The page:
“I’m good,’’ he said. “I got a refrigerator full of food, I got a car that I can drive, and I can pay my bills.
“I’m still alive. And a kid from the West Side [of Chicago] . . . I was supposed to be dead a long time ago. I’m all right.’’
He had served a 10-game suspension for the use of a performance-enhancing drug, gotten into a fight with teammate Tony Allen over an in-flight card game, and has never fit comfortably into the Grizzlies’ system. Once a third overall pick, Mayo has seen his scoring average dip each of his three seasons.
Funny how fortunes change. Grizzlies star swingman Rudy Gay suffered a separated shoulder that will cost him the rest of the season.
And now Memphis is depending on Mayo for off-the-bench scoring to make a run at the final playoff spot in the Western Conference.
The Grizzlies made a significant step toward that goal with a win at Boston Wednesday in which Mayo tallied 11 points in 19 minutes.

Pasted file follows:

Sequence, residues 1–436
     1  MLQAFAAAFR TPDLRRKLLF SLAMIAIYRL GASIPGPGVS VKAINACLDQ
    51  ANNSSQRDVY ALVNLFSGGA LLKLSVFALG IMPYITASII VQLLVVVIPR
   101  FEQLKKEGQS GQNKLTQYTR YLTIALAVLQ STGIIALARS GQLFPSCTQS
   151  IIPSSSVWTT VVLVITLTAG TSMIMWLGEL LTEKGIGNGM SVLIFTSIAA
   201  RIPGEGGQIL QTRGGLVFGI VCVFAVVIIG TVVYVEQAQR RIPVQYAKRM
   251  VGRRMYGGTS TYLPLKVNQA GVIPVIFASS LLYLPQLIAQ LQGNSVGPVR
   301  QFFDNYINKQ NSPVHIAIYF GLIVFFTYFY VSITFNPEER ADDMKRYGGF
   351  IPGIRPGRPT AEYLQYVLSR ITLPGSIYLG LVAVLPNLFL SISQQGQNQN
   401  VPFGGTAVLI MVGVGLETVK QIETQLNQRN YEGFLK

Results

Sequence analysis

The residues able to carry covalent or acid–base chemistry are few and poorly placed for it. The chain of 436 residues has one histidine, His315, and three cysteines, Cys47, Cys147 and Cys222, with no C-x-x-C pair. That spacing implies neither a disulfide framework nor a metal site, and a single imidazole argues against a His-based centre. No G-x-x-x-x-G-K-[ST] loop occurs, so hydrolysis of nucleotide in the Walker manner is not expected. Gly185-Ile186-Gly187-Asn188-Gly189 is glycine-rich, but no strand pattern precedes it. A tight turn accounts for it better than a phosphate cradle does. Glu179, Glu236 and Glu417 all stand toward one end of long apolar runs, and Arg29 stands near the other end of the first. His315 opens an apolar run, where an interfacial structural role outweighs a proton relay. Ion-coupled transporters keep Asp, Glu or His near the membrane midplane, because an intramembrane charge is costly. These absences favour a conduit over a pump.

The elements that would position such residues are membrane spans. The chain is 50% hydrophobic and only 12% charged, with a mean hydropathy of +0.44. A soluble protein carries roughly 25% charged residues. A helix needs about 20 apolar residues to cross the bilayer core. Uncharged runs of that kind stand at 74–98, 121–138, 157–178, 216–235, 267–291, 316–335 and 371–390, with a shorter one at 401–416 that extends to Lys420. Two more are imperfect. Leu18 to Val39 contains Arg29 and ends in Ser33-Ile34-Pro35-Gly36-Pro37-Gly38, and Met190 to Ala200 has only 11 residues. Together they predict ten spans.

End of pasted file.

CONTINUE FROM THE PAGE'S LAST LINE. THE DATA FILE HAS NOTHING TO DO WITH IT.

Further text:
Still, Mayo is unsure of what’s ahead. The Grizzlies made it abundantly clear that they don’t feel he’s a part of their long-term future. They were prepared to deal him for a moderately talented player in McRoberts and a pick that will be in the middle of the first round — not much for a player who was expected to be a perennial All-Star.
Mayo is in the unenviable position of playing for a team that likely doesn’t want him.
“I asked a couple of guys in the locker room, ‘How am I supposed to feel now?’ ’’ he said. “All the stuff I had been through this season, and then trade day, a trade goes through three minutes too late.
“So now I’m supposed to come out here the next day and go to work? I don’t know. I’m like anybody else. How would you feel?
“At the same time, I have a comfort level and care for all these guys in the locker room, so it’s nothing I’m going to bring into this locker room or bring the energy down, or put the focus somewhere else. So the most important thing is getting this team to the postseason.’’
It’s a shocking development for a multi-skilled guard who played varsity basketball as an eighth-grader, breezed through Southern Cal, then averaged 18.5 points per game as a rookie.
“It’s the NBA, no boys allowed, so you really don’t have time to sit back and cry,’’ said Mayo, who will be a restricted free agent next summer. “You can’t complain about how unhappy you are.